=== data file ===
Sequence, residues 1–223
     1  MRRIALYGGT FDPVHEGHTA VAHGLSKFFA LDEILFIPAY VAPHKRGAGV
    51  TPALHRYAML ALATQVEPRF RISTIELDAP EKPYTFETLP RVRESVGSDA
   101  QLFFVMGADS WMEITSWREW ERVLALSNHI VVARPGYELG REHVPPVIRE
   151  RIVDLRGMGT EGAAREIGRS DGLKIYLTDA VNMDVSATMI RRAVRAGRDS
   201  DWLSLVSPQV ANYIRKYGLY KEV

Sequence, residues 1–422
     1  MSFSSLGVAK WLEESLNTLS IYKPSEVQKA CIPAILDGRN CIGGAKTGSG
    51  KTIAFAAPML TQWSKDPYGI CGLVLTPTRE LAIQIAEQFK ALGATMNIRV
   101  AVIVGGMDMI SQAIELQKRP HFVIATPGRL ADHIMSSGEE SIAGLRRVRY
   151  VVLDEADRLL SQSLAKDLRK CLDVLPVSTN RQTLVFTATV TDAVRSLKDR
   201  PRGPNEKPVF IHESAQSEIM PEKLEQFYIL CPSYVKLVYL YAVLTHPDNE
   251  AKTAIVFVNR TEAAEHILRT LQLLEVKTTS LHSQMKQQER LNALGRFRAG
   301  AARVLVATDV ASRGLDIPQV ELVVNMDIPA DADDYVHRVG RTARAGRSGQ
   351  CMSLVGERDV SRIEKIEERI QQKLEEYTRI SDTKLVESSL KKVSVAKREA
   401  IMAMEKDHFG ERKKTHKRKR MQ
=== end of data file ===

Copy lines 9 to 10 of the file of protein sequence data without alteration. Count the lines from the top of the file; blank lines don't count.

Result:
    51  KTIAFAAPML TQWSKDPYGI CGLVLTPTRE LAIQIAEQFK ALGATMNIRV
   101  AVIVGGMDMI SQAIELQKRP HFVIATPGRL ADHIMSSGEE SIAGLRRVRY